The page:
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Conservation and Conversation

Posted: Thursday 18th June 2015 by 30DaysWild2015

Himalayan balsamHimalayan balsam

A morning's practical management work in a nearby Wildlife Trust reserve.

Conservation and conversation

Chance Wood is about 500m from my front door if you are not familiar with the wood it's worth a look here.  Quiet and secluded it is nevertheless a well loved spot for walkers from nearby Kinver and Stourbridge.  The woodland has a natural feel but has many naturalised plant species present, some benign and some which cause problems.

The wood lies in the Stour valley, the river is less than 100m away and as such the rampant, invasive Himalayan balsam has spread from the river banks across the floodplain and into the bottom of the wood.  This plant spreads rapidly and grows densely, blocking light beneath it and resulting in other native plants being suppressed.  This is a particular problem on river banks as, when the balsam dies, the banks are left bare and subject to unnatural erosion.  I don't, however , want to write about the problems of balsam or the fact that it does provide nectar to insects later in the season or, for biology teachers, provides surprisingly fun examples of seed dispersal!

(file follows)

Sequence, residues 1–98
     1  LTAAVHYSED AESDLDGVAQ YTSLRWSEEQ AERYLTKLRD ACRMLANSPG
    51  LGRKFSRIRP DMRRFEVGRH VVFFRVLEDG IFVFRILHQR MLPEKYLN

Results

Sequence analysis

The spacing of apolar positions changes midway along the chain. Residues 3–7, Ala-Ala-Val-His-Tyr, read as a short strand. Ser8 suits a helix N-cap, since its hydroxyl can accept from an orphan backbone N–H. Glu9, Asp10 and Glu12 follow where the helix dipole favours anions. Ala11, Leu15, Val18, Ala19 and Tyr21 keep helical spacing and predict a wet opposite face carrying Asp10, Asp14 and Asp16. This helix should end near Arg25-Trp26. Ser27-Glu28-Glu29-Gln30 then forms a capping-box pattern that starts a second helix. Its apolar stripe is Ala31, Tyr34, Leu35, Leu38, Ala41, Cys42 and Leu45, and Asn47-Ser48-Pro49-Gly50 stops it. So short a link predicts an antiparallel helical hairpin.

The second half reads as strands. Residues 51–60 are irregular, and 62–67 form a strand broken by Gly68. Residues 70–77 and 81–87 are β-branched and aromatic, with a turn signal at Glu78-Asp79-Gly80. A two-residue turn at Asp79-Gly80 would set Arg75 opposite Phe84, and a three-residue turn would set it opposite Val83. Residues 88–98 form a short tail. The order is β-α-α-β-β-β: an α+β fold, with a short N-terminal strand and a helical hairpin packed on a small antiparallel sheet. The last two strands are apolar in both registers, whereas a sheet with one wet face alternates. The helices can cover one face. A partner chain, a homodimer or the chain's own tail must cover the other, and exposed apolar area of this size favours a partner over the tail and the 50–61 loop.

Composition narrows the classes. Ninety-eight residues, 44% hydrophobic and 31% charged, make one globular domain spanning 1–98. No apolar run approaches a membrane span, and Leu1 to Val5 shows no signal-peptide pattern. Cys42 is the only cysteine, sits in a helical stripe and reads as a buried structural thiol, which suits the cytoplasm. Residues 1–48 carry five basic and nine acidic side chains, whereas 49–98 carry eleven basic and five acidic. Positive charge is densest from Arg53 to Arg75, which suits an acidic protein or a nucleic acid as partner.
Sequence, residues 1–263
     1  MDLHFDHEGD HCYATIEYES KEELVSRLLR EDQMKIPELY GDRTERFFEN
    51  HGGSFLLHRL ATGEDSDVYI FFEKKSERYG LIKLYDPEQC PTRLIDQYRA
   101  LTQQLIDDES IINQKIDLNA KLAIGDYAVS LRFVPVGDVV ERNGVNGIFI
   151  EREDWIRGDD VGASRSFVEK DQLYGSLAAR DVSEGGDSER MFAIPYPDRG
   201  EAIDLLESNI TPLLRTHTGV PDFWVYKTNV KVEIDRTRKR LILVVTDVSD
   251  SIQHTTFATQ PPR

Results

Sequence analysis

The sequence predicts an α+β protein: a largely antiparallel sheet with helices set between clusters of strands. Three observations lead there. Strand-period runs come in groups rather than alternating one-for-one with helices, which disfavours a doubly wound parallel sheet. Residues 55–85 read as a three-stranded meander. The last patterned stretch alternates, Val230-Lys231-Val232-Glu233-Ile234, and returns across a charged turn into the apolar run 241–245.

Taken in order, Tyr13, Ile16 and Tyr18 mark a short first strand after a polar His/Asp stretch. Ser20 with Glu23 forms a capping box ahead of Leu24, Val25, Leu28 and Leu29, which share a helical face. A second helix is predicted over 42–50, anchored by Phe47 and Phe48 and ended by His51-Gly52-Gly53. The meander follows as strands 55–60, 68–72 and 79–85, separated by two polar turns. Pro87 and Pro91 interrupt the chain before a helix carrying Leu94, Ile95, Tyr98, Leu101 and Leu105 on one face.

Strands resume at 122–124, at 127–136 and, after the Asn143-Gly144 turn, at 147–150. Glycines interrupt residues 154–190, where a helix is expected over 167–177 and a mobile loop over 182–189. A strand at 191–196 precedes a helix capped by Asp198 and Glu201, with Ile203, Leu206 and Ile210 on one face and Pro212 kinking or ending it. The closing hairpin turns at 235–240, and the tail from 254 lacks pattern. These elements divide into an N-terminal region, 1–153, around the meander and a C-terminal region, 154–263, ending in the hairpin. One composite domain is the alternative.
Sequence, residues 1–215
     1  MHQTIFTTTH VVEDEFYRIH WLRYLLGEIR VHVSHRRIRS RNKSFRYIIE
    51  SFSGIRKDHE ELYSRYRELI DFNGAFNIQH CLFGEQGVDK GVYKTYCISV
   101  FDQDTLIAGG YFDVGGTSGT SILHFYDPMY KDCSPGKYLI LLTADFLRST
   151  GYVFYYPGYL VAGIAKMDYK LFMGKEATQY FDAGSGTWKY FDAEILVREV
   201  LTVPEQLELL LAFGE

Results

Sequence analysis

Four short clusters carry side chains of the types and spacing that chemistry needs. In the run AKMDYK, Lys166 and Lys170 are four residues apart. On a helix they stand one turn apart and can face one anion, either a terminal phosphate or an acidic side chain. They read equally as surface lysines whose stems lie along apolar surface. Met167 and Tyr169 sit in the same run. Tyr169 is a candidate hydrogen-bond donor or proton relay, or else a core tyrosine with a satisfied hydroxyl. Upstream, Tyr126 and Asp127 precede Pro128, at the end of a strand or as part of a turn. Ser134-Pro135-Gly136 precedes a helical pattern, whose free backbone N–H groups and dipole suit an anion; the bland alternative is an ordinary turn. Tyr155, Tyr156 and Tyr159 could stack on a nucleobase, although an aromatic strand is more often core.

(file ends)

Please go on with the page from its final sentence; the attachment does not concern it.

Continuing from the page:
Volunteer 'balsam bashing'I would, however, like to mention that this morning has provided a very enjoyable Act of Nature, if not exactly Random! A small group of volunteers gathered this morning to try to tackle the thick growth of the plant before it begins to flower.  Pulling and stacking the plants is a fairly gentle activity, it's small root system means that it pulls up quite satisfyingly and an impressive pile soon builds up.  No petrol driven chainsaws or strimmers, no need to work at a distance from other volunteers and so the benefits of balsam pulling are that conversation can flow uninterrupted - and so it did; from family life to plant identification or cooking to wildlife: "Is that a blackcap or a garden warbler?" "Did you see the young fox?" "How's retirement going?" "Do you ever get any spare time?" "Look at this fungus!" "Have you seen a glow worm this year?".  Conversation rolls on, interupted only by a cake and coffee, until our time is up and we have two piles, one higher than a volunteer!

Piles of balsam

For an alternative take on balsam, listen to Richard Mabey here: "Mabey in the Wild".  Richard's voice takes me back to my teenage years, listening to the BBC's Living World, another one of those inspirations to become interested in the Natural World.

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